Closest are those things that we can or might wish to control like personal photos, email, and text messages.

All of this data is nominally “ours.” It is, after all, about us. And it is often generated by us. But much of it is collected, shared, or stored unnecessarily, without our consent, or without a fair exchange.

Have you ever wondered why a weather app needs to check your location every 10 minutes? Or whether a photo-sharing app really needs access to the physical addresses, birthdays, and other notes recorded in your digital rolodex?

Unwanted Species

All of the bycatch in data collectors’ nets crowds out legitimate uses, exposes latent data to misuse, and expends resources unnecessarily.

Defining data with greater precision by citing attributes relevant to a specific use will help us control more and waste less.

Issues of controlling and protecting data and using it efficiently pivot on the value we assign to it. When we make decisions about collecting, retaining, and securing data, we must first appraise it and consider its utility, usability, ROI.

Some correlations are completely spurious. A lot of data is unstructured and difficult to decipher or inaccessible because of regulatory restrictions. And in some cases, its shelf life is too short to bother with.

Sometimes what we catch isn’t worth the bait.

No Fish in a Tree

You won’t find a tropical plant in the Arctic. Fish belong in water.

A retail coupon serves no purpose once it has expired. Genetic data doesn’t belong in the digital vault of an online bank.

We need to stop treating data as uniform and develop and implement tools and policies that allow us to act on distinctions appropriately by looking at all of the characteristics that define a given type of data.

Differentiating data can be a win-win: fewer resources, greater security, better ROI.

Image: junko | Pixabay

bitpuf blackboard blog digital dead wood why do we keep so many photos

Digital Dead Wood: Why Do We Keep So Many Photos?

A picture might be worth a thousand words, but a thousand pictures are worth little if we retain them because of inertia, indecision, or failure to filter.

Digital imaging has vastly simplified photography but complicated the processing of its prolific output.

As pixel resolution increases, our resolution to select, manage, and preserve our image collections weakens. The result: an inverse relationship between the volume of digital images we create and our ability to control them.

Who enjoys sorting through the 60 or 100 photos taken over a weekend, culling out the duplicates, the blurry ones, the backlit and poorly composed, selecting only those worth keeping? Who among us performs this chore routinely?

Dead wood in the tree of knowledge

If digital data were a living thing, it would constitute the roots of information-economy flora. Although nothing can grow without these roots, they alone will not generate a tree of knowledge, let alone a blossom. Often they create an impenetrable tangle.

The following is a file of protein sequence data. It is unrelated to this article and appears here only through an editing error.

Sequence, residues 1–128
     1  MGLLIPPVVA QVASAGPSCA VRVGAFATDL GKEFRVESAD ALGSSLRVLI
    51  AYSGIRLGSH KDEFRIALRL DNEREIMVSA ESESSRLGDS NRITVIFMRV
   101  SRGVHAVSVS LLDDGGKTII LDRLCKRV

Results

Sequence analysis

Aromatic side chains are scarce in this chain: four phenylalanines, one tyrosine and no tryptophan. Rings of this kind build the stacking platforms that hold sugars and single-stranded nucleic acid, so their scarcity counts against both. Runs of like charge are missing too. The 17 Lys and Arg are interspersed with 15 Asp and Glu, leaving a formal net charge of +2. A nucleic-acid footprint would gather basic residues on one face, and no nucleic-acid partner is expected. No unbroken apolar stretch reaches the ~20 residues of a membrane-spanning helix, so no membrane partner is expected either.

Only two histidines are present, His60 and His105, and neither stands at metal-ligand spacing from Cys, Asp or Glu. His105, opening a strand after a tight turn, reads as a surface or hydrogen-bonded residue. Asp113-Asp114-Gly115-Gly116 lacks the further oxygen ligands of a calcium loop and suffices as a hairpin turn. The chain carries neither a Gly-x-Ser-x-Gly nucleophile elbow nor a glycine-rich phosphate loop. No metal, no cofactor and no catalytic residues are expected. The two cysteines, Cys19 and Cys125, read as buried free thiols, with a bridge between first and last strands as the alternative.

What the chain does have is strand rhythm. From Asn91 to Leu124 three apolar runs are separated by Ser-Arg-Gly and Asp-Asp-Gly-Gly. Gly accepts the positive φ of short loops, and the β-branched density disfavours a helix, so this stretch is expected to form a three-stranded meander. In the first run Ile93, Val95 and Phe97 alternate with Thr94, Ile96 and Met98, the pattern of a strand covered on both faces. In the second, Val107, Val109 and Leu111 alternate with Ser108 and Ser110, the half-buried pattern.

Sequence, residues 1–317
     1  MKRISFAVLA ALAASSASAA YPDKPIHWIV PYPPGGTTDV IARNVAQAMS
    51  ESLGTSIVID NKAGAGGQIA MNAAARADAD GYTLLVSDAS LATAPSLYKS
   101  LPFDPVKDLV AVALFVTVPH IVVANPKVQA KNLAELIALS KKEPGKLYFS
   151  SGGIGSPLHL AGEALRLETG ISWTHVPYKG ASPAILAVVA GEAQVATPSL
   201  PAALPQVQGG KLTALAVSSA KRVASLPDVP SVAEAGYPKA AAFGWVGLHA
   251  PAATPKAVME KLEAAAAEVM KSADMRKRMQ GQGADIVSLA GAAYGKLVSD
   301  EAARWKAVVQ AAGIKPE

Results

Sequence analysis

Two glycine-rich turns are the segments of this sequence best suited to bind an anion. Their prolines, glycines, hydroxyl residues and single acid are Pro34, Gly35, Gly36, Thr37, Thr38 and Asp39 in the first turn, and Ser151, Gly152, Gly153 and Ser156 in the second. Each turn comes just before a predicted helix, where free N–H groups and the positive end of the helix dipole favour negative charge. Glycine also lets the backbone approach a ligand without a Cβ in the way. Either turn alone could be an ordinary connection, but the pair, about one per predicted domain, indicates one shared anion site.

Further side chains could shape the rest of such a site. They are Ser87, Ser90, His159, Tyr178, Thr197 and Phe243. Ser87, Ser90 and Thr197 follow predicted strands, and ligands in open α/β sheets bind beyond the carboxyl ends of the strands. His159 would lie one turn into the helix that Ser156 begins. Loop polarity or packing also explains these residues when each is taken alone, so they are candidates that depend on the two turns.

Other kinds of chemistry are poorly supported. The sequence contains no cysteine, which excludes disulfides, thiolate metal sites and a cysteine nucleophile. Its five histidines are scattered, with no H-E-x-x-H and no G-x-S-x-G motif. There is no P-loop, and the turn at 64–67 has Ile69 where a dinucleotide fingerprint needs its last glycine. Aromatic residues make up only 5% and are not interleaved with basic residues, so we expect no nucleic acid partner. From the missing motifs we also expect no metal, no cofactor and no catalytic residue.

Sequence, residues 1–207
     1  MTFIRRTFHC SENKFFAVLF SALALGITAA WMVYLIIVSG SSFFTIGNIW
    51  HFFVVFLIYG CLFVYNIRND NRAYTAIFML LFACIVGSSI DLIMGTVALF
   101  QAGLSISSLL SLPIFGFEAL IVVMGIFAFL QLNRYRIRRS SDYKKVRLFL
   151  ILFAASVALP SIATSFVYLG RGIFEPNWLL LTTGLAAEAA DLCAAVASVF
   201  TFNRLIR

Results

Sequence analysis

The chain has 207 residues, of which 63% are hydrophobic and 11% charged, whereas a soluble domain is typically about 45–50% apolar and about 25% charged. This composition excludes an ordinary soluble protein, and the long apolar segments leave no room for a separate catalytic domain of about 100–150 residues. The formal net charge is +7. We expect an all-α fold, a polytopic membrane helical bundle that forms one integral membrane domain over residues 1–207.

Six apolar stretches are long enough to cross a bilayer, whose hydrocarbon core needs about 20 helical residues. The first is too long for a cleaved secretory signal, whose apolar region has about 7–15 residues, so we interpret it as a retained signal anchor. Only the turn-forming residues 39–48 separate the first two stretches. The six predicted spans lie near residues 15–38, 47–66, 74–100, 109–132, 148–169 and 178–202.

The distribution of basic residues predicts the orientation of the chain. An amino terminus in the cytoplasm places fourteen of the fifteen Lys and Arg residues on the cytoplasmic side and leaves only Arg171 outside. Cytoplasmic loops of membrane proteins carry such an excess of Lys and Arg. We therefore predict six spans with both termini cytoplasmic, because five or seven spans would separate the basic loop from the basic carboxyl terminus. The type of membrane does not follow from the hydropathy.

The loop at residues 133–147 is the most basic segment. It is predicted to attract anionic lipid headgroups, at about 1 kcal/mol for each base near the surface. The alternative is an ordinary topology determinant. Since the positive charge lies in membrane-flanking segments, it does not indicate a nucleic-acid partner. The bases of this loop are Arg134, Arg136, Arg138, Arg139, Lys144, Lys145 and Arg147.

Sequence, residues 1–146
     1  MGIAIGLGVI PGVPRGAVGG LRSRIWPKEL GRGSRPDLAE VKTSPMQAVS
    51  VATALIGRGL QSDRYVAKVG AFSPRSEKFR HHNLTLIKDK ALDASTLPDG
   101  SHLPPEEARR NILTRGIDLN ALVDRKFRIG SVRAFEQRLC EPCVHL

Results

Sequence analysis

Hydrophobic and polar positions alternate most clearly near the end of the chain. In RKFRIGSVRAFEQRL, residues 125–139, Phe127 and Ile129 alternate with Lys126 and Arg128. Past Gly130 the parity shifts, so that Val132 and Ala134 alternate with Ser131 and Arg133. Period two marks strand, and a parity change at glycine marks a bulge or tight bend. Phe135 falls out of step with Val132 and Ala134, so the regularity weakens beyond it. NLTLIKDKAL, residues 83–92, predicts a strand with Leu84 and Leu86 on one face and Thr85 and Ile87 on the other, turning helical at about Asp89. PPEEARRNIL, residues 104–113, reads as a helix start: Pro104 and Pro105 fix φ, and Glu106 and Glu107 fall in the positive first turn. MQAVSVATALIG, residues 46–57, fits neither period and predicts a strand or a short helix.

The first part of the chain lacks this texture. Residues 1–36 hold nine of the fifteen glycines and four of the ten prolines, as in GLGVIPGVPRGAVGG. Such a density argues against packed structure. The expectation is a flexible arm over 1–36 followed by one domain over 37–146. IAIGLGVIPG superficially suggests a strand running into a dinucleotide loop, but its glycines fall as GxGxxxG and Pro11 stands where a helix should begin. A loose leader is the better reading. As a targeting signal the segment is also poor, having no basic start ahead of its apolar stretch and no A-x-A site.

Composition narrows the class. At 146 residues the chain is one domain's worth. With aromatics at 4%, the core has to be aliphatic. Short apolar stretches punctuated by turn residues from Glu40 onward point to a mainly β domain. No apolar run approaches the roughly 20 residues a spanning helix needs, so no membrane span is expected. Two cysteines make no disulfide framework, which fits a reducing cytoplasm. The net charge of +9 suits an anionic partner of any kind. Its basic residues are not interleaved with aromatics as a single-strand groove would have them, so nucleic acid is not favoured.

Big data, small data, the Internet of Things (IoT), the thousands of digital images that we amass every year…much of it is dead wood and should be pruned judiciously.

Although we recognize that excessive, indiscriminate collecting gives rise to all kinds of dysfunction, we don’t wield the shears to cut it down to size.

Data economics don’t make sense

The deleterious effects of data hoarding and information overload are widespread and longstanding. Futurist Alvin Toffler wrote about these in 1970, well before the first digital camera appeared on the market in 1991.

As these phenomena progressed, the terms describing them evolved as well—information glut, data glut, data smog, digital noise—and gave rise to new terms for related issues—filter failure, time famine, information fatigue syndrome, and data exhaust.

No matter what we call it, too much data and poorly targeted data are problematic.

Note the numbers

First, consider the rate at which data flow and connectivity will increase; it is staggering.

  • The amount of digital data produced worldwide is expected to reach 180 zettabytes by 2025, via more than 80 billion connected devices
  • In 2016, 5.5 million new things will connect to the Internet of Things (IoT) every day
  • Global Internet traffic (web, email, IM) is forecast to reach 193,104 PB by 2019

By the way, 1,000 GB ≈ 1 TB (Terabyte); 1,000 TB ≈ 1 PB (Petabyte); 1,000 PB ≈ 1 EB (Exabyte); 1,000 EB ≈ ZB (Zettabyte)

Personal data represents a remarkable proportion of these totals (and companies are taking notice, collecting personal data and combining it with big data from other sources in order to improve analytics and by extension the personalized offers presented to consumers).

The digital-image share of this personal data is also astounding: an estimated 1 trillion photos captured in 2015.

Next, consider the costs of storage.